The Packers have a decided edge here. The two things the Steelers must do to negate this edge is a.) jam the receivers off the line to disrupt their timing on their routes in their rhythm passing game and b.) do a good job tackling when Green Bay’s wideouts catch the ball. Greg Jennings, Donald Driver, James Jones and Jordy Nelson are all fantastic at running after the catch.

 
2. Green Bay's OT’s vs. Pittsburgh’s OLB’s

This is an edge for Pittsburgh. Most defenses only have one good pass-rusher. Pittsburgh has two in James Harrison and LaMarr Woodley. Green Bay has to either make sure they help their OT's in some way (likely with a RB chipping or a TE staying in to block). The Packers cannot let the Steeler OLB's go one on one against Chad Clifton, Bryan Bulaga, backup T.J. Lang or one of their backs.

 
3. Green Bay’s center Scott Wells vs. Pittsburgh’s NT Casey Hampton

This is an advantage for Pittsburgh in terms of size and strength. If the Packers can't find a way to control Hampton by helping Wells or devise a running scheme to take advantage of Hampton's tendency to over-pursue (such as having the RB cut back against the grain in the opposite direction of Hampton's initial movement), they will struggle to run the ball.

 
Three matchups of note (Green Bay defense vs. Pittsburgh offense)


1. Green Bay’s NT B.J. Raji vs. Pittsburgh’s C (Maurkice Pouncey or Doug Legursky)

Raji will have a decided edge over whoever Pittsburgh plays at OC (Pro Bowl rookie Maurkice Pouncey hopes to play on his bad ankle; third-year pro Doug Legursky is the backup). It is the same principle that Green Bay faces in running the ball against Casey Hampton: you need a plan to negate the edge that the opposing NT has over your C. B. Raji (US Presswire)

2. Green Bay’s nickel defense vs. Pittsburgh’s run offense

Green Bay will line up in their nickel defense on running downs and dare teams to run the ball. (Often times, they have just two defensive linemen in these packages.) If the Packers do this, the Steelers have to take advantage and run the ball effectively.

3. Green Bay’s OLB Clay Mathews vs. Pittsburgh OT's (LT Jonathan Scott, RT Flozell Adams)

Both OT's for Pittsburgh, Scott and Adams, are backup players. Mathews, like James Harrison, is one of the best pass-rushers in the NFL. Mathews has to win his matchups against the Steelers tackles. The Packers do a good job moving him around to get him into favorable matchups. Can the Steelers figure this out and find a way to block him?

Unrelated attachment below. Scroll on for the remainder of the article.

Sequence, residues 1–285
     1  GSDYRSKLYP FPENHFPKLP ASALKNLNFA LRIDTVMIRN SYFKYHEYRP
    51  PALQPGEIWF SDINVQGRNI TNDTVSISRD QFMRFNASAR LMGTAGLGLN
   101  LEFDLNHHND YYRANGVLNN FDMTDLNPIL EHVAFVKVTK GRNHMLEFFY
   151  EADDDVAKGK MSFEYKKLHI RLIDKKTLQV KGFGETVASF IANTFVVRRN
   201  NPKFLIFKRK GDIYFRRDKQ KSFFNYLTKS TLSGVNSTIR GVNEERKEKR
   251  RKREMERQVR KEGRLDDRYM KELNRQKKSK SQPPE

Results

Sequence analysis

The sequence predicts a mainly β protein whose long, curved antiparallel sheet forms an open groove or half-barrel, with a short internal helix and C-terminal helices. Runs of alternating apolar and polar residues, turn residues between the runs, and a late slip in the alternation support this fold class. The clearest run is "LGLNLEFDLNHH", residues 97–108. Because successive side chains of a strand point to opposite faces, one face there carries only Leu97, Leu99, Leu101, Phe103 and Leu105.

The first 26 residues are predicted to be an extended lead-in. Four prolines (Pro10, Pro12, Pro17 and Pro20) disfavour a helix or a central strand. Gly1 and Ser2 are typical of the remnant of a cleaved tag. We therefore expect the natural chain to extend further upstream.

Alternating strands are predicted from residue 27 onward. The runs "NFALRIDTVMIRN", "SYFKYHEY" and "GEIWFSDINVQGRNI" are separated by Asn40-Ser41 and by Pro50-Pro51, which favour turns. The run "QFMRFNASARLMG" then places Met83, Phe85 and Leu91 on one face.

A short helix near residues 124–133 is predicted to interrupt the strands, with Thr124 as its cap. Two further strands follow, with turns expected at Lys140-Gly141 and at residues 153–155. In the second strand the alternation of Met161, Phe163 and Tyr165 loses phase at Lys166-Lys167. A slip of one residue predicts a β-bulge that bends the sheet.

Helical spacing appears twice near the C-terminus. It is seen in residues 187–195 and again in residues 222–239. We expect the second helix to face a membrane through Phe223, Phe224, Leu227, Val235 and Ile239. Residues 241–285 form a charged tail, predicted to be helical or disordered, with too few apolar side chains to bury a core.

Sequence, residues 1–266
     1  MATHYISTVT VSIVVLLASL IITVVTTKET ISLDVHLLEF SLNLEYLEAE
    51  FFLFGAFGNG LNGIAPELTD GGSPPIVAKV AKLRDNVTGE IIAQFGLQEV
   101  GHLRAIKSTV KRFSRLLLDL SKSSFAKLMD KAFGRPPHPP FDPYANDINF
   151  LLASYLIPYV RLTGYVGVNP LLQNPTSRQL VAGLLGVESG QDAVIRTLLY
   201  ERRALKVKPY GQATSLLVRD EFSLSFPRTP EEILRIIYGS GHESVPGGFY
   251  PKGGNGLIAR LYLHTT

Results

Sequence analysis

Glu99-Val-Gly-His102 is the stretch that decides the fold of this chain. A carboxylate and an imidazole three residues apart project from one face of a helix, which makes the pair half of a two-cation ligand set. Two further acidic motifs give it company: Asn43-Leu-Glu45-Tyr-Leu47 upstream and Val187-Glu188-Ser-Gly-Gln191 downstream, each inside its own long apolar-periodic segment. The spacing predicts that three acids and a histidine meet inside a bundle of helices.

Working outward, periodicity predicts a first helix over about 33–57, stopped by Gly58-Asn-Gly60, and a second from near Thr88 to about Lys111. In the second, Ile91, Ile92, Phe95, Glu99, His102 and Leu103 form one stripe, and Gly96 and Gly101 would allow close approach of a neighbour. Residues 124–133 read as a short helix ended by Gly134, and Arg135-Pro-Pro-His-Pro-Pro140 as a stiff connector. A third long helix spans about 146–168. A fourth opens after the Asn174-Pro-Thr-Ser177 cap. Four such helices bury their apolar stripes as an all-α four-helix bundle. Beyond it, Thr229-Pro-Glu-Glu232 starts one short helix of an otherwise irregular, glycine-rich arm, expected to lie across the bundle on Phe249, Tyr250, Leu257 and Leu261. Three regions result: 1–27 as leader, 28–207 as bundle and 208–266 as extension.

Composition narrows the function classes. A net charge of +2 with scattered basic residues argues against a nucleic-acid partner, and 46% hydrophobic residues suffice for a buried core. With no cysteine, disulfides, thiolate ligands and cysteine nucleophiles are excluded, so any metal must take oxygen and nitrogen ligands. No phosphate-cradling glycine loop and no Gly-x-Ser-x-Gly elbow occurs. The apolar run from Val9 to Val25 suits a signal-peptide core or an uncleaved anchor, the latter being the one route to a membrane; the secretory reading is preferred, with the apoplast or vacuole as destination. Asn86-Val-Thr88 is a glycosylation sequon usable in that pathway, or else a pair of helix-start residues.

Beyond the statistics and matchups: two more things to watch  

1. Will Green Bay employ a strategy similar to New England's plan against the Steeler defense? The Patriots spread the Steeler defense out and had a lot of success passing the ball. I think that is the best plan to beat the Steeler defense – and I think the Packers have the ideal personnel to execute that plan.

 
2. Will the Steelers try to run the ball to the outside early in the game to make those big Packer defensive linemen run to the ball? The hope here is that doing so will make those D-linemen tire and wear down as the game goes along. Fatigued defensive linemen, of course, are less effective against both the run and pass later in the game.

 
Prediction
 
This is a very even game, but I give the edge to the Steelers because of the slight edge at QB and their greater big game experience. I think the difference in the game will be Roethlisberger making more plays against the pass-rush than Rodgers. 




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Posted on: January 23, 2011 4:28 pm
 

Report: Dick LeBeau a 'free agent' after 2010

Posted by Will Brinson

We hear all the time about players who are potential free agents. (Case in point: Peyton Manning, who doesn't have a contract for 2011 ... yet.) But what about the coaches? Case in point: Dick LeBeau, who's contract will reportedly expire following the 2010.

LeBeau, the Hall of Fame player (there's a distinction, and he's in for playing, but "not for coaching") who also happened to architect Pittsburgh's vaunted defense, will be a free agent after this season, according to ESPN.

There appear to be three possible outcomes from LeBeau hitting the market. One, he returns to the Steelers. Two, he retires. And three, he heads to Arizona.

The return to Pittsburgh is obvious, because he's had so much success there and the personnel in place is ideal for his system.

The retirement is a possibility because, as youthful as LeBeau still looks, he's 73.

And Arizona makes sense, because the Cardinals were terrible on defense in 2010, have former Steelers coaches Ken Wisenhunt and Russ Grimm on staff in the desert and don't currently have a defensive coordinator. (Also, old people go to the desert when they want to step away from work and play more golf, so that makes sense too.)

If LeBeau did jump to Arizona, he'd have his work cut out for him, but engineering a turnaround for that defense would be possible -- just not easy -- and would provide a pretty nice cherry on top of LeBeau's already superb career.

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Posted on: January 20, 2011 6:35 pm
 

Whisenhunt could be looking East for help

Pittsburgh LB coach Keith Butler could be pursued by Arizona (Getty). Posted by Josh Katzowitz

It looks like Cardinals coach Ken Whisenhunt is going after a few of the Steelers defensive assistant coaches in order to fill Arizona’s defensive coordinator spot.

As the Arizona Republic’s Kent Somers blogs today, Whisenhunt wants to talk to Pittsburgh LB coach Keith Butler for the position (the Cardinals already interviewed Greg Manusky but he took the Chargers job instead). Thing is, Whisenhunt has to wait until next week at the earliest to ask the Steelers for permission to talk to Butler, because Pittsburgh is still alive in the playoffs.